Seeing your child get a nosebleed can be a frightening experience the first time it happens, but they aren't uncommon. However, if they become more routine, it may be time to look into the exact cause and determine a course of treatment to prevent them from continuing to be a frequent occurrence.
What Causes Nosebleeds?
Now, we aren't talking about accidents that can lead to nosebleeds. Whenever a child injures themselves and a nosebleed results, they should be taken to the hospital to get checked out. Beyond that, there are some reasons why nosebleeds seem to come on out of the blue.
Most nosebleeds in children are considered anterior nosebleeds, meaning they originate from a blood vessel at the front of the nose. They most often occur in young children during the winter months when the air is dry and cold. Allergies and chronic sinus issues are other common causes of nosebleeds as well as a deviated septum, which can be corrected. Much less frequently, an underlying medical condition like a bleeding or clotting disorder or certain cancers can be the cause. Lastly, picking the nose can cause bleeding -- just one more reason to get your child to avoid it.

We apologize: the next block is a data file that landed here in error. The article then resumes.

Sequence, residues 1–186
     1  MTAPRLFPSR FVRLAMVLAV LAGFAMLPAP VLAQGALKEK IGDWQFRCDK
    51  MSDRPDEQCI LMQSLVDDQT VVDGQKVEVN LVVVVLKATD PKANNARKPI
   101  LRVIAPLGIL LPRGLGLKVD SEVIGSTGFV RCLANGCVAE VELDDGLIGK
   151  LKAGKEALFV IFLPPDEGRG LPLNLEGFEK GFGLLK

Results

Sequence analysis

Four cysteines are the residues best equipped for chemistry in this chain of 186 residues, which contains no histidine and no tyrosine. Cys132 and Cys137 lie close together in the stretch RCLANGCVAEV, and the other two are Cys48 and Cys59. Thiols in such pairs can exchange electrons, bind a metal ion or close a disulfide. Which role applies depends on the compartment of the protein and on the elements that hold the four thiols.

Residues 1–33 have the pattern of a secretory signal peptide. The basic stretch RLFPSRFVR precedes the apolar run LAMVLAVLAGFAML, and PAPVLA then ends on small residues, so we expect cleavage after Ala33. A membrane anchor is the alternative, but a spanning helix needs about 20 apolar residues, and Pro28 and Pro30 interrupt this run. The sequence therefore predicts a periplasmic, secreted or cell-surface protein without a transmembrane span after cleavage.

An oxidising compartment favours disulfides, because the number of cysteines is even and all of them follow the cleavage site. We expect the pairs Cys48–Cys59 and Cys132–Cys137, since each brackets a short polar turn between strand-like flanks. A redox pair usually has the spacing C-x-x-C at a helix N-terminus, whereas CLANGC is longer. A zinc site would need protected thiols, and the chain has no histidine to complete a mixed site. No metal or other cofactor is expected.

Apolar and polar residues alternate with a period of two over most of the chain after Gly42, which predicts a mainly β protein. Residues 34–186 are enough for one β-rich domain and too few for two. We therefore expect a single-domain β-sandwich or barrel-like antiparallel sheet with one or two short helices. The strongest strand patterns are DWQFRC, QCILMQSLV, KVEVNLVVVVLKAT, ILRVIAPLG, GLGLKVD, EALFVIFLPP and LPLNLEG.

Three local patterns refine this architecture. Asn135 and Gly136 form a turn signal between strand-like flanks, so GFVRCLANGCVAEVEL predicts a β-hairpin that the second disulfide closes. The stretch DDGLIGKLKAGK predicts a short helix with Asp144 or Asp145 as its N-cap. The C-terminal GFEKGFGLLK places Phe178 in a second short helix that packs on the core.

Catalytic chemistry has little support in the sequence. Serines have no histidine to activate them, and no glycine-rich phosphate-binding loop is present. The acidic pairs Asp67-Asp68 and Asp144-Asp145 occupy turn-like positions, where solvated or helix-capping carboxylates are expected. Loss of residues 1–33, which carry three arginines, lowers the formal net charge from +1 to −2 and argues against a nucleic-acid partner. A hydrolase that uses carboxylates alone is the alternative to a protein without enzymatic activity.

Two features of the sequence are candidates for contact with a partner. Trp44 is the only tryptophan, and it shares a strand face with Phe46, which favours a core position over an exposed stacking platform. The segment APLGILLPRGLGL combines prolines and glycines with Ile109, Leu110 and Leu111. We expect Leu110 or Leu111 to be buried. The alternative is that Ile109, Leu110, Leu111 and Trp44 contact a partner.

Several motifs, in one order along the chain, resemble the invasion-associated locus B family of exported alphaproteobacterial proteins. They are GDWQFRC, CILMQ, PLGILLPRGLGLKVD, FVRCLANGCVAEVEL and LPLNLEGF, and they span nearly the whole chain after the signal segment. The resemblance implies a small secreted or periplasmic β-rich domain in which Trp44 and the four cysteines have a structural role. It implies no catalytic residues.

How to Stop a Nosebleed
The first thing to know is the proper steps to take when a nosebleed happens. Here's what the Mayo Clinic recommends:
- Have them sit upright but lean forward to reduce blood pressure, slow bleeding and prevent blood from entering the mouth and throat.
- Pinch the nostrils shut and breathe through the mouth for five to 10 minutes to stop bleeding.
- Keep the head higher than the heart for the next several hours.
If you've taken these steps and after 20 minutes the nosebleed continues, it's best to take your child to the emergency room, especially if they're very dizzy or lightheaded. For more severe nosebleeds, the doctor may pack the nose to stop the bleeding. If nosebleeds are more frequent, cauterizing the blood vessel may be recommended to prevent the recurrence of nosebleeds.
Tips for Prevention
The best way to prevent a nosebleed is to look at your child's environment and and behaviors. Here are some steps we recommend taking:
- Use a humidifier in the house and especially in the child's bedroom during winter, or all year round.
- Discourage them from picking at their nose. Teach them how to properly blow their nose.
- Keep their nostrils moist with a saline nasal spray or petroleum jelly.
- Don't expose your child to secondhand smoke.
Be sure to speak with your child's physician before beginning any course of treatment for chronic nosebleeds, especially if they've been diagnosed with a medical condition. Check back regularly for more of the latest health news and information.